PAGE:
Wells Fargo is getting it from all sides.
While the bank's CEO John Stumpf was grilled by congressional lawmakers, who called his company a "criminal enterprise" and compared it to the defunct Enron, California’s state treasurer announced the state won't do business with the bank for a year.
State Treasurer John Chiang (pictured) announced the punitive move on Sept. 26, telling taxpayers that California will suspend investments with Wells Fargo, cease using the company as a broker and stop using the bank to underwrite state bonds, KNTV reported.
California suspended its financial relationship with Wells Fargo effective immediately, Chiang said, and will not do business with the company for at least a year.
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"I have a duty as a leader in the financial marketplace to take action aimed at helping you understand that integrity and trust matter," Chiang wrote to Wells Fargo. "How can I continue to entrust the public's money to an organization which has shown such little regard for the legions of Californians who have placed their financial well-being in its care?"
Because California is the country's largest issuer of municipal bonds, losing the state's business will likely cost Wells Fargo millions in revenue, according to The New York Times.
The sanctions against the San Francisco-based banking and financial services company come in response to the news that Wells Fargo created as many as 2 million fake bank and credit card accounts for existing customers, without letting the customers know.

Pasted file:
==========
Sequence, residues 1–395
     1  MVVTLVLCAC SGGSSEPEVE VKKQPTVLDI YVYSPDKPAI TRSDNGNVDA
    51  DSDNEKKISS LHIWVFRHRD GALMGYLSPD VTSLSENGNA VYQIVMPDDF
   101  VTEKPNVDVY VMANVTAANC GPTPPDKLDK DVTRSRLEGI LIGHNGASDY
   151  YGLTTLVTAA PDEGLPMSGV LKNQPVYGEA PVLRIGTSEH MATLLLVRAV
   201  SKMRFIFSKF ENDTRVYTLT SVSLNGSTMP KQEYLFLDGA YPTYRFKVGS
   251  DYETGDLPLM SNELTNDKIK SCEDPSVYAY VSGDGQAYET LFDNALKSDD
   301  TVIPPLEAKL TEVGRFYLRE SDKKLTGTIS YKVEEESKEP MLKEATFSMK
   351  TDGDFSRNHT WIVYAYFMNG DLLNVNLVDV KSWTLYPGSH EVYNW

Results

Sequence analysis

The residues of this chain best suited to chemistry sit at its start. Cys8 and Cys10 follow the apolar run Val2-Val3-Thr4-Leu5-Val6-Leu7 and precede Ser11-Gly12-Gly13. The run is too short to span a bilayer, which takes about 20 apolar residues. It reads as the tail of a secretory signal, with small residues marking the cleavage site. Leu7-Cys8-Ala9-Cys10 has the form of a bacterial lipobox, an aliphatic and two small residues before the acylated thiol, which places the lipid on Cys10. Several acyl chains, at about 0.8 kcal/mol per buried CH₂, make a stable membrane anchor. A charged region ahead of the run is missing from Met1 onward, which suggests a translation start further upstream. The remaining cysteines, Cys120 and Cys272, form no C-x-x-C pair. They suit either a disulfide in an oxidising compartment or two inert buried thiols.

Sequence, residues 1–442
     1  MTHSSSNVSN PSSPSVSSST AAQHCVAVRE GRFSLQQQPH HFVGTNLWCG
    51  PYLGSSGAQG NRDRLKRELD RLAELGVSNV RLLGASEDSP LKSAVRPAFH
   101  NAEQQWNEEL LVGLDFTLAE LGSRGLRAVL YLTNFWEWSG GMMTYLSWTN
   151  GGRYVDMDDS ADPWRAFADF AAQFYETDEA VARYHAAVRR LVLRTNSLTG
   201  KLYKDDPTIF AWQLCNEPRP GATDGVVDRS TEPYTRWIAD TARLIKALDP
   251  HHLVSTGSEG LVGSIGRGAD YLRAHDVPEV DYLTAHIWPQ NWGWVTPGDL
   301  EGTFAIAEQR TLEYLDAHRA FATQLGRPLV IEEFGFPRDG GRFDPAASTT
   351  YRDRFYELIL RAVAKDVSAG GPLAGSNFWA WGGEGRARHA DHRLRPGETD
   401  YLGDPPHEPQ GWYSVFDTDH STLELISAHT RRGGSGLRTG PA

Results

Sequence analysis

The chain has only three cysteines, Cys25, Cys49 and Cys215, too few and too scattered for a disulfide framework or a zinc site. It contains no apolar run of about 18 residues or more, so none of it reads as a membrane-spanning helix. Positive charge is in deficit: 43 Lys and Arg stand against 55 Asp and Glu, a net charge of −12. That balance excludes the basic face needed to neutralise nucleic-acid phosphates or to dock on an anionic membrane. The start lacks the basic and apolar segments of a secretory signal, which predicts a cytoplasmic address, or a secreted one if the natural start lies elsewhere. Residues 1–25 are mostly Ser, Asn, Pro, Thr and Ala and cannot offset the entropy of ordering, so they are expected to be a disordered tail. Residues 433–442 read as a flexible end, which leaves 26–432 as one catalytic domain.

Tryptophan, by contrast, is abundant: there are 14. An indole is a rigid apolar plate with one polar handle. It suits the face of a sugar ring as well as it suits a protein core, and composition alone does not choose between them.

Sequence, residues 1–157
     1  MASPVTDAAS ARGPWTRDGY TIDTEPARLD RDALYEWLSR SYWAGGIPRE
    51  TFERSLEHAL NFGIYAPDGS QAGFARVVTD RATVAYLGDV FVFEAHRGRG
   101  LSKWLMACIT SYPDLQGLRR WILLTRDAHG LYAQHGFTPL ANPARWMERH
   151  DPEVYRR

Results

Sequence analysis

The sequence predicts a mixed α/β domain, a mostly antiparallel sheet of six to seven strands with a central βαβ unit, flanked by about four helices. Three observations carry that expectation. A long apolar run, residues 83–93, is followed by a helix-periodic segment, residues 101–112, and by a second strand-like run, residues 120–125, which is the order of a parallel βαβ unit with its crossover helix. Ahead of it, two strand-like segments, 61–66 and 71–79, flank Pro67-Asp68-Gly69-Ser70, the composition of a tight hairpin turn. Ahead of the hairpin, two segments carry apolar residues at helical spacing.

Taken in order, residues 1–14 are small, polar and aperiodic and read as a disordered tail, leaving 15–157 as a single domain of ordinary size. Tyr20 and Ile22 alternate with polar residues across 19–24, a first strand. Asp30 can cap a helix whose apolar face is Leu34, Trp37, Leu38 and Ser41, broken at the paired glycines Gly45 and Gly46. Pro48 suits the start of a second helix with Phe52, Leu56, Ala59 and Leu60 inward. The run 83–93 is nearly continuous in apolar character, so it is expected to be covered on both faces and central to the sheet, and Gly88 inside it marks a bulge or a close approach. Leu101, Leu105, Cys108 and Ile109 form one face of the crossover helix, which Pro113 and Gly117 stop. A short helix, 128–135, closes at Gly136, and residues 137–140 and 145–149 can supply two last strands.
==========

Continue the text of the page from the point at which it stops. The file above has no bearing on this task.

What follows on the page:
Bank employees transferred money from customers' accounts into the fraudulent accounts, KNTV reported, even opening credit and debit cards in the names of the customers who were impacted. In some cases, employees created fake email addresses to complete the registration process for new accounts.
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Company leaders, including Stumpf, have blamed employees while acknowledging their own policies contributed to the problem -- Wells Fargo established "aggressive sales goals" that pressured the company's employees to create as many new accounts as they could or risk being fired.
Wells Fargo still hasn't relaxed those sales goals, but Stumpf told lawmakers Wells Fargo would eliminate sales goals by Oct. 1.
“We decided that product sales goals do not belong in our retail banking business,” Stumpf said on Sept. 28.
Trying to hold on to his job, Stumpf told congressional leaders he is “deeply sorry” and and said he'd “accept full responsibility for all unethical sales practices.”
That wasn't enough for Massachusetts Sen. Elizabeth Warren, a Democrat who has been a vocal critic of U.S. banks.
“This is a small step in the right direction," Warren said, "but nowhere near real accountability."